Now, as many of you who have worked on our cars know, jobs invariably turn out to be not as straightforward as one hoped. In my case, the removal of the radiator and shell and the subsequent separation of the shell to reveal the radiator and its surround in all its glory turned out to be a bit of a challenge – so much so that this article is more about the problems I faced rather than a contribution to the overheating debate.

The job started well and the bonnet (hood) tops and sides were removed quite easily. I removed the hinge from each bonnet side with the help of my IT man, who agreed to leave his computer for a short while. These were carefully stored (for heaven knows when they will go back!) and I was able to lift both bonnet tops off in one go with the centre hinge intact.

Next it was the turn of the radiator to bulkhead stay tubes to be removed and be suspended from the roof of shed number 3 using tie wraps (whatever did we do before they were invented?). At this point I ought to mention that the wings (fenders) had long been removed for repair, as had the headlights.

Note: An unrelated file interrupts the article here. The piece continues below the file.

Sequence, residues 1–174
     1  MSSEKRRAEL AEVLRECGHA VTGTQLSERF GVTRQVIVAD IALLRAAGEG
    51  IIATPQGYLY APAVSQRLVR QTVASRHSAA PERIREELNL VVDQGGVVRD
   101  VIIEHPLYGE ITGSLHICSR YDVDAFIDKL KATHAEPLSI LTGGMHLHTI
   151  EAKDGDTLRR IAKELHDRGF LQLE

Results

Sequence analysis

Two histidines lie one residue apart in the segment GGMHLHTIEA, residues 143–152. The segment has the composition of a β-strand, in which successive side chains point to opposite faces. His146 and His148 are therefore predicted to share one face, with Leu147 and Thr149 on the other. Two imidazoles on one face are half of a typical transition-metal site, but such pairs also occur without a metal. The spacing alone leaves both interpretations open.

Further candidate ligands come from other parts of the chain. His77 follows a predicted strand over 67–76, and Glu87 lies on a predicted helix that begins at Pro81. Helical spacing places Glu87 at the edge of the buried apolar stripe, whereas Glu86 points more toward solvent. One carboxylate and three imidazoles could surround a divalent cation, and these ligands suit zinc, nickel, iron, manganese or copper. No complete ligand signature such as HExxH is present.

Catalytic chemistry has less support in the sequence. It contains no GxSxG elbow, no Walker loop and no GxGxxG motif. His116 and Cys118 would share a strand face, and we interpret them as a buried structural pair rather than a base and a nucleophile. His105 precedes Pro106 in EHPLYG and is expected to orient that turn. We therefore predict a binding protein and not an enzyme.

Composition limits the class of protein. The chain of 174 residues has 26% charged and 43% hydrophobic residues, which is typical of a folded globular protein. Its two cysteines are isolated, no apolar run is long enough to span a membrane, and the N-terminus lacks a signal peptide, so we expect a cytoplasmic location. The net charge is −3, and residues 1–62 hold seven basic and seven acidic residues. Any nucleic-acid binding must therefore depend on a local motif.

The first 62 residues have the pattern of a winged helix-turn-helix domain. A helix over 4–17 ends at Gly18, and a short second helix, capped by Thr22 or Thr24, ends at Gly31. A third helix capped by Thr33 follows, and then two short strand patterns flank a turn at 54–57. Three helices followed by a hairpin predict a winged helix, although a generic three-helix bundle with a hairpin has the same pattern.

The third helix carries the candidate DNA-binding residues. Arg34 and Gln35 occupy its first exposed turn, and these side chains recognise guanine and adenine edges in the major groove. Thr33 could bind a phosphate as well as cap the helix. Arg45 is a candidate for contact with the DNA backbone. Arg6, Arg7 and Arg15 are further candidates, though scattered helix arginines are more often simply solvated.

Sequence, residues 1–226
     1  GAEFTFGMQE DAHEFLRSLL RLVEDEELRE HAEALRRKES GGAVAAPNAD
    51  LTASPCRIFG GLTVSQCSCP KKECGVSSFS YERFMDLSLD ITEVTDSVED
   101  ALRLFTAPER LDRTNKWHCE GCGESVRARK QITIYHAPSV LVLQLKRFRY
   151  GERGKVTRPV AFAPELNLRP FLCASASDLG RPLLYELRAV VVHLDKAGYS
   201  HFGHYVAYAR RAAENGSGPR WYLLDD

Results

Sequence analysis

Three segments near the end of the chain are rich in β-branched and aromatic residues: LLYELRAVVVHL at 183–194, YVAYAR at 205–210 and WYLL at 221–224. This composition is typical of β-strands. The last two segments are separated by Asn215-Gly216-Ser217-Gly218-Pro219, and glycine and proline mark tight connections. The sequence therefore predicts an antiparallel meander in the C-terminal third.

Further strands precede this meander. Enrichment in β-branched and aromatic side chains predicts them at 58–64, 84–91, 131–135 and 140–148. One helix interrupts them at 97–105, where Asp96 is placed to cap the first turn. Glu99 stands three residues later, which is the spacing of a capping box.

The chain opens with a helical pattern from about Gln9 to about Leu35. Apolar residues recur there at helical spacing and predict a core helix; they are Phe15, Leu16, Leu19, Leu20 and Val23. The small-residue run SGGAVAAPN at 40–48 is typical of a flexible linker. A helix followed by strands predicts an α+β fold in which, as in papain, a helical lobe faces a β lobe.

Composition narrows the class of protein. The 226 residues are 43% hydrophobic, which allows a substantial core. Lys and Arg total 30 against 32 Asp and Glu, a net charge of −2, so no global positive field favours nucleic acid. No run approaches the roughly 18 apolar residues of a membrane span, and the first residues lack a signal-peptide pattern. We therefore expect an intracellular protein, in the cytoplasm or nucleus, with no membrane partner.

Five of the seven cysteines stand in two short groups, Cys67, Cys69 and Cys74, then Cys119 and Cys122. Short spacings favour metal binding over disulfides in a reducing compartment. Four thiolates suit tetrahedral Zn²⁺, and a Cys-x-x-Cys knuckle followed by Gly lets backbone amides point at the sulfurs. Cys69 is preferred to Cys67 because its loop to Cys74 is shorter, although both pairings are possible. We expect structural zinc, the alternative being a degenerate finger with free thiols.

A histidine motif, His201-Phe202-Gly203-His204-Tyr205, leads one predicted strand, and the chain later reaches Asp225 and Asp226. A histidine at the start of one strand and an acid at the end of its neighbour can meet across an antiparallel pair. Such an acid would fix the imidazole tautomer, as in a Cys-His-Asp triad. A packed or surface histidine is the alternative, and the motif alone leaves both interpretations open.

Having cut through all the hoses, which were well past their ‘sell by’ date and which will be replaced by a set of silicone hoses, it was just about time to have a go at taking the radiator and shell out as one unit. The two 3/8” BSF nuts securing the radiator to the support cross member were a little obstinate but gradually gave up the fight with the aid of some penetrating oil. As each nut was removed I was heartened to note that the flat washer which was positioned between it and the lower mounting rubber was exactly as per spec in the TC Factory Specification Book i.e. 3/8” x 1-1/4” x 0.72” Pl. washer (Rad. Securing Stud). No doubt some readers will think I am slightly mad but I like these little touches of originality!